To the Editor.—
In their article on "Multiple Sclerosis [MS] and Hysteria: Lessons Learned From Their Association," Caplan and Nadelson (1980;243:2418) note a modicum of confusion with something I wrote on the subject in 1965.1I liked the speculation of Langworthy2 that the hysteria and MS in those patients with whom he worked might represent branches off of the same trunk. I saw nothing to be gained in the discussion of organic vs functional dichotomy, which at the time was absorbing so much energy, time, and talent to the detriment of the patient. This is in accord with the dynamic approach advocated by Caplan and Nadelson.As then, and in considering the present state of the art, I see nothing to be gained in separating clinically what Wilson3 termed the predisseminated type of MS from conversion hysteria, where the symptoms are compatible in the patient. There is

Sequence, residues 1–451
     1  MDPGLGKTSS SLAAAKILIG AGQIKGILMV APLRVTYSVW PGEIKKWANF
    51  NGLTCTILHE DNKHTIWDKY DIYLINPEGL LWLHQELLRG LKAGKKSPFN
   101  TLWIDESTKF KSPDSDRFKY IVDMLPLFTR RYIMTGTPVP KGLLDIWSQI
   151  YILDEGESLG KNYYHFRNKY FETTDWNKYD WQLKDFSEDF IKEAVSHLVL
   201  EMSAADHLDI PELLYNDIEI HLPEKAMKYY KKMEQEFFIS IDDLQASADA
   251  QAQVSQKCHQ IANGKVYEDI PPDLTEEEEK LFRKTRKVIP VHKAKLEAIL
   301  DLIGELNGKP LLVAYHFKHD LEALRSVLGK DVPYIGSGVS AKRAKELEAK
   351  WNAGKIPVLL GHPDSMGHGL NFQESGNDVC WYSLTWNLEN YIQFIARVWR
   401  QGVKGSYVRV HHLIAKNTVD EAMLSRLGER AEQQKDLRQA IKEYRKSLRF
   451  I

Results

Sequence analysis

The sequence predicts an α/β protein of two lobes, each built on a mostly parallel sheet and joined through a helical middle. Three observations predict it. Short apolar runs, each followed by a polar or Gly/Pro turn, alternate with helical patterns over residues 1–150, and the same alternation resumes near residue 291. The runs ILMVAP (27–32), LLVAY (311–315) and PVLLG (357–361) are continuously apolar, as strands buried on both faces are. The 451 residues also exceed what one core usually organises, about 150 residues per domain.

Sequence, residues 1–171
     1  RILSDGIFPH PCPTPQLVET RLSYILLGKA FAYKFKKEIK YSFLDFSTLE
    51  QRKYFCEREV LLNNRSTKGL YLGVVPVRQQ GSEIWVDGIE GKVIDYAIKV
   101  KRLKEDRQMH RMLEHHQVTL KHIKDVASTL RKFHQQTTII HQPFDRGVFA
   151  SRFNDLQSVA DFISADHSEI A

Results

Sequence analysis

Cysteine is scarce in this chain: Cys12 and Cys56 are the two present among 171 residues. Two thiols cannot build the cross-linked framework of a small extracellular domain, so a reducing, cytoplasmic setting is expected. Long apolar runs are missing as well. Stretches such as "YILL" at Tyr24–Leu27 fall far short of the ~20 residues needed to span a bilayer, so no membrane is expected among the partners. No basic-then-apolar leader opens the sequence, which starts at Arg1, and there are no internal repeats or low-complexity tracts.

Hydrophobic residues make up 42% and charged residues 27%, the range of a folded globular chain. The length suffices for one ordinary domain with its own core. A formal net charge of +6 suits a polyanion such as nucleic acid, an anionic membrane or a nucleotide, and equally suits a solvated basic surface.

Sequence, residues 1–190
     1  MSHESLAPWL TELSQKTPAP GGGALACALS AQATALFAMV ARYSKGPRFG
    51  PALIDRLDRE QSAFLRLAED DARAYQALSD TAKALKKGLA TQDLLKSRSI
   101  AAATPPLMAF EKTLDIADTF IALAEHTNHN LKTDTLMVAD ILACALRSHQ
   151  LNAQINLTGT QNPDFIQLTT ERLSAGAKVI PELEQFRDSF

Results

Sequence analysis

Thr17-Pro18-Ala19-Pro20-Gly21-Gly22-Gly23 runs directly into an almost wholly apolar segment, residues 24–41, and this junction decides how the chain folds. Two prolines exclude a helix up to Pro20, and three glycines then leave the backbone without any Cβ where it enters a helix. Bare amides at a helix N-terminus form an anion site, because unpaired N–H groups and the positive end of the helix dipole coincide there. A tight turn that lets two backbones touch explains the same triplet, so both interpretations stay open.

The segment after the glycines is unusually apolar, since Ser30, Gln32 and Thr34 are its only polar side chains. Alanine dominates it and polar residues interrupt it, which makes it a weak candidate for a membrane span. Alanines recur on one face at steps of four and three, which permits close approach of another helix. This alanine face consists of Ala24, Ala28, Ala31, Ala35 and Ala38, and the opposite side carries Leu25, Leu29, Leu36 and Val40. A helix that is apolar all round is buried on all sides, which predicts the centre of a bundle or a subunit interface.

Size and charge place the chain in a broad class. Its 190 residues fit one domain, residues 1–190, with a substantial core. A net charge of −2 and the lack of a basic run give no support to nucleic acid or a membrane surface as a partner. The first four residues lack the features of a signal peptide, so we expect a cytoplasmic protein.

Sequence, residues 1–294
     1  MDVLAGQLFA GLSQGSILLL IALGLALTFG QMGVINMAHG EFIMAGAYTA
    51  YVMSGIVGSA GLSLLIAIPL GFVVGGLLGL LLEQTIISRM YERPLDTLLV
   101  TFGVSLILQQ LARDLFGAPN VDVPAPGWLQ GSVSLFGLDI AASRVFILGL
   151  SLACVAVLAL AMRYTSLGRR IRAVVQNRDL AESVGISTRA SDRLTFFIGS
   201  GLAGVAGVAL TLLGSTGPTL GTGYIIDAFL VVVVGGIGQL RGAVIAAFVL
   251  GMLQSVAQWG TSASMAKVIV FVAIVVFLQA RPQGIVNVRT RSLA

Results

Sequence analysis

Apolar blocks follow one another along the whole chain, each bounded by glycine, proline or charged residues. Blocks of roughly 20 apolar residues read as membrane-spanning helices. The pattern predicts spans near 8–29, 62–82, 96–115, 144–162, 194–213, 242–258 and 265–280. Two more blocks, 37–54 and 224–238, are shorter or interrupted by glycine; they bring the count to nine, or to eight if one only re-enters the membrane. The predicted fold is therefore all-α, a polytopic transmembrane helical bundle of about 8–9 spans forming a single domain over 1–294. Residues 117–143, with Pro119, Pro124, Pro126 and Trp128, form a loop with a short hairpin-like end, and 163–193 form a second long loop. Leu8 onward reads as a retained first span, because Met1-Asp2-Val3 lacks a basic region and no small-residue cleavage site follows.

Aring CD. Multiple Sclerosis and Hysteria. JAMA. 1981;245(3):233. doi:10.1001/jama.1981.03310280013005
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